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May 22, 2014 03:37 AM EDT

Top 10 Species of 2014

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A teddy bear-faced carnivore from the Andean cloud forests and a ghostly cave snail are among the top 10 newly discovered species of 2014. The annual list was prepared by an international team of taxonomists from 18,000 new species announced last year.

The list, established in 2008, is released every year on May 23 to honor the birthday of Carolus Linnaeus - an 18th century Swedish botanist who is deemed the father of modern taxonomy. The aim of the list is to raise awareness about the loss of biodiversity and at the same time announce the discoveries of new species.

Researchers said that species are becoming extinct at a faster rate than that at which they are being detected.

"One of the most inspiring facts about the top 10 species of 2014 is that not all of the 'big' species are already known or documented," said Antonio Valdecasas, chair of the selection committee, in a statement. "One species of mammal and one tree species confirm that the species waiting to be discovered are not only on the microscopic scale."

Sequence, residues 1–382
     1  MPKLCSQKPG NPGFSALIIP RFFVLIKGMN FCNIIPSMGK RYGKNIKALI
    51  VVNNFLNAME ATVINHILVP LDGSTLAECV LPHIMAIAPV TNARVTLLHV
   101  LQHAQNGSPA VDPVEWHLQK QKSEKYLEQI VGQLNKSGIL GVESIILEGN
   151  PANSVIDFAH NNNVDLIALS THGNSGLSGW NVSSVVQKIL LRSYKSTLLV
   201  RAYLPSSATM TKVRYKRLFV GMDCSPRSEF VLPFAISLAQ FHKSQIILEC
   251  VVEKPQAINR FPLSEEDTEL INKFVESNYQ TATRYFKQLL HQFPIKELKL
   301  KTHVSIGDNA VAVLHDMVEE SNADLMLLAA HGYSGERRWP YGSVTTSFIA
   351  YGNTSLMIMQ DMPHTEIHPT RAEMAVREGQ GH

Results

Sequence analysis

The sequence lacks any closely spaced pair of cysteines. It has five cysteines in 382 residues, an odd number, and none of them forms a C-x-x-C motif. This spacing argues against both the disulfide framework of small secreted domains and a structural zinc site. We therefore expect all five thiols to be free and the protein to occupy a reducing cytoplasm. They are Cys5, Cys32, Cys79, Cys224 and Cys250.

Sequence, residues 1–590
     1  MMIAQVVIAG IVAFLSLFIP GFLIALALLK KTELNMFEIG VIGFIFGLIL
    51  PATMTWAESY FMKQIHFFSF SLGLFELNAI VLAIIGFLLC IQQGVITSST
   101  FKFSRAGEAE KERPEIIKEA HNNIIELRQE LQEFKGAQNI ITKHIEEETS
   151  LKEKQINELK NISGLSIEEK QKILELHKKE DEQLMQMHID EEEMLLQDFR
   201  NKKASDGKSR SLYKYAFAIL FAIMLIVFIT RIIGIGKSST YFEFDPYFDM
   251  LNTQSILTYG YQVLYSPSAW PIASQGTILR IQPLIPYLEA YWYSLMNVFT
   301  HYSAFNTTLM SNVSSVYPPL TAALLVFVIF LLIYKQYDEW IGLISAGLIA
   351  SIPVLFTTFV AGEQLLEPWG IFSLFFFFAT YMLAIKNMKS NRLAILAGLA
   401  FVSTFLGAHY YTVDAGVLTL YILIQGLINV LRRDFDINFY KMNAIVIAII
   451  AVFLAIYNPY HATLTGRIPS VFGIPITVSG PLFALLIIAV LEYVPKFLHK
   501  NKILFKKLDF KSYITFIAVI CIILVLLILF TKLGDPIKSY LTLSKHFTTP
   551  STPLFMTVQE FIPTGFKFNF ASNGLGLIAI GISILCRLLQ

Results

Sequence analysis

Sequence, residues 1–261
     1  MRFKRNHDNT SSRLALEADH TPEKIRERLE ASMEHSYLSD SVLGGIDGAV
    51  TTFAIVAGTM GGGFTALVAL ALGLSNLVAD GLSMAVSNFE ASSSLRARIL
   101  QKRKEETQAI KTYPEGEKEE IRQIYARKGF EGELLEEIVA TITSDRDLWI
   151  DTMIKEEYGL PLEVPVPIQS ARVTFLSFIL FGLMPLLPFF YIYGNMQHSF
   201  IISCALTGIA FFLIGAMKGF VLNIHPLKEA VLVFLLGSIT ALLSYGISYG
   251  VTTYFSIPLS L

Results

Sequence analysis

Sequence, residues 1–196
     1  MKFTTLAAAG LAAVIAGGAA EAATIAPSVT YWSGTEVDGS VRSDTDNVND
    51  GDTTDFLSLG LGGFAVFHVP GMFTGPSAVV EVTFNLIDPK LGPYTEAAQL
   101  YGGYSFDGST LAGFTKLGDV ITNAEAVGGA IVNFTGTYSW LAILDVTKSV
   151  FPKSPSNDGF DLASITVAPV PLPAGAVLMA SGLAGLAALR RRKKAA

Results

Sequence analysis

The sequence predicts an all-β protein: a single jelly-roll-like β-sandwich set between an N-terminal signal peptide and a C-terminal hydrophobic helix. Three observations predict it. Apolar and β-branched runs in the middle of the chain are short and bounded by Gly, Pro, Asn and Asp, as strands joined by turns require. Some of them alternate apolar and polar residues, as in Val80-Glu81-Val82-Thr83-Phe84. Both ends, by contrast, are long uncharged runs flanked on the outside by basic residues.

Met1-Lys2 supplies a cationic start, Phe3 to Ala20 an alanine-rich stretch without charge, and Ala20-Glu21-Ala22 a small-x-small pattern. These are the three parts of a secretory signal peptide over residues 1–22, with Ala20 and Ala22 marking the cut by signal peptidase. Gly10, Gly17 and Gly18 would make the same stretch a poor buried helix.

The cat-sized Olinguito from Ecuador is the first new carnivorous mammal spotted in the western hemisphere in 35 years. Weighing approximately around 4.5 pounds, the smaller cousin of the raccoon, is entirely dependent on cloud forest habitat. Therefore, deforestation is the greatest threat to the survival of the mammal, news.com.au reports.

The largest among the newly discovered species is the 12-metre Kaweesak's Dragon Tree from Thailand. The dragon tree was discovered for the first time in the Loei and Lop Buri mountain regions of Thailand. Researchers claim that the species might also be found in nearby Burma.

Clean Room Microbe "Tersicoccus phoenicis" - named eighth on the list - is from Florida (USA) and French Guiana. The microbial species found in spacecraft assembly rooms could potentially infect other planets that the spacecraft visit.

Other new types of species on the list include a Skeleton Shrimp from California that travels only a few centimetres per week, a camouflaged Leaf-Tailed Gecko from Australia, and a bright Orange soil fungus from Tunisia.

"The top 10 is designed to bring attention to the unsung heroes addressing the biodiversity crisis by working to complete an inventory of earth's plants, animals and microbes," said Dr Quentin Wheeler, founding director of the International Institute for Species Exploration (IISE).

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